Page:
Excerpt: Mary at the cross

The following is an excerpt of Colm Tóibín’s book, “The Testament of Mary,” an imagining from the point of view … Continued

The following is an excerpt of Colm Tóibín’s book, “The Testament of Mary,” an imagining from the point of view of Jesus’ mother Mary. Below is an excerpt from his section on the crucifixion. Heading to Broadway as a one-woman show in April 2013, The Testament of Mary stars Fiona Shaw, is directed by Deborah Warner and is produced by Scott Rudin.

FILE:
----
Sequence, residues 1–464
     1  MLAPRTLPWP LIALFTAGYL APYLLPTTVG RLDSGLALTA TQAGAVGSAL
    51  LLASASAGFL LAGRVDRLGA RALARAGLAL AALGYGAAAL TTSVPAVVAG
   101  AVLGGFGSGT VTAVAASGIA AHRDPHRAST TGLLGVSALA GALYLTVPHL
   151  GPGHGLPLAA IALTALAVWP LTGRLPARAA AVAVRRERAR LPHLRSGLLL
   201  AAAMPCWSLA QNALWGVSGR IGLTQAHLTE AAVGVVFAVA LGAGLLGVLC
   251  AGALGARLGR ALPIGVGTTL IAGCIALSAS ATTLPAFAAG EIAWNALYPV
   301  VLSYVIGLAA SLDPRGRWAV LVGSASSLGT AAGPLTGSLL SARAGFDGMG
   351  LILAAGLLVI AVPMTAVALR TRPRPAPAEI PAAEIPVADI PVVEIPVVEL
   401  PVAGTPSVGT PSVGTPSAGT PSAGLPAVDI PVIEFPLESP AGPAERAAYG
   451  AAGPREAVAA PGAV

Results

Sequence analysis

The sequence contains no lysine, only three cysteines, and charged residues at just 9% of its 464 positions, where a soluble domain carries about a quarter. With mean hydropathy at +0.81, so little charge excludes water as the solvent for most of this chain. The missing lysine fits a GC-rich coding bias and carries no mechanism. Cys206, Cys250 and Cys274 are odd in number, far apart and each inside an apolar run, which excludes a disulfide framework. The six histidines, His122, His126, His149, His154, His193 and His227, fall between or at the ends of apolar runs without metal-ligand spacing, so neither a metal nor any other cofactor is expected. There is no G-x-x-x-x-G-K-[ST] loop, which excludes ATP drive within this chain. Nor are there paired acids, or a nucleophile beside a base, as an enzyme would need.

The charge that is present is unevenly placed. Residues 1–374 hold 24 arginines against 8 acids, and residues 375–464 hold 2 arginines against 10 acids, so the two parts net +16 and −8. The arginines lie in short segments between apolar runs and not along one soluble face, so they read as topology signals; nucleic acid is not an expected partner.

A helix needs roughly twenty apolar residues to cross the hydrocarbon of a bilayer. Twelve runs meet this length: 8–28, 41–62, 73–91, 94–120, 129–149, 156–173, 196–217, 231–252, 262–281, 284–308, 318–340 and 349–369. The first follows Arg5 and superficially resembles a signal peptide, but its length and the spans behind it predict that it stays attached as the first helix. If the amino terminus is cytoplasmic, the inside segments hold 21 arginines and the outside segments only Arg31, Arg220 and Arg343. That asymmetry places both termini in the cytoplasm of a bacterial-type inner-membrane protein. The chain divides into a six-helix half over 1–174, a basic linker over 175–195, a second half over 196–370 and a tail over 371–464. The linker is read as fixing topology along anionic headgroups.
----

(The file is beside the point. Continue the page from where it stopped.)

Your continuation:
I gasped when I saw the cross. They had it ready, waiting for him. It was too heavy to be carried and so they made him drag it through the crowd. I noticed how he tried to remove the thorns from around his head a number of times, but the efforts did not succeed and seemed instead to make them further push themselves into the skin and into the bone of his skull and his forehead. Each time he lifted his hands to see if he could ease the pain of this, some men behind him grew impatient and they came with clubs and whips to press him forward. For a time he seemed to forget all pain and he pushed the cross forward or pulled it. We moved quickly ahead of him. I still wondered if his followers had a plan, if they were waiting, or were disguised among the crowd as we were. I did not want to ask and it would have been impossible now anyway, and I was alert that any word we said or look we gave in the frenzy of things could have made us, any one of us, a victim too, to be kicked, or stoned, or taken away.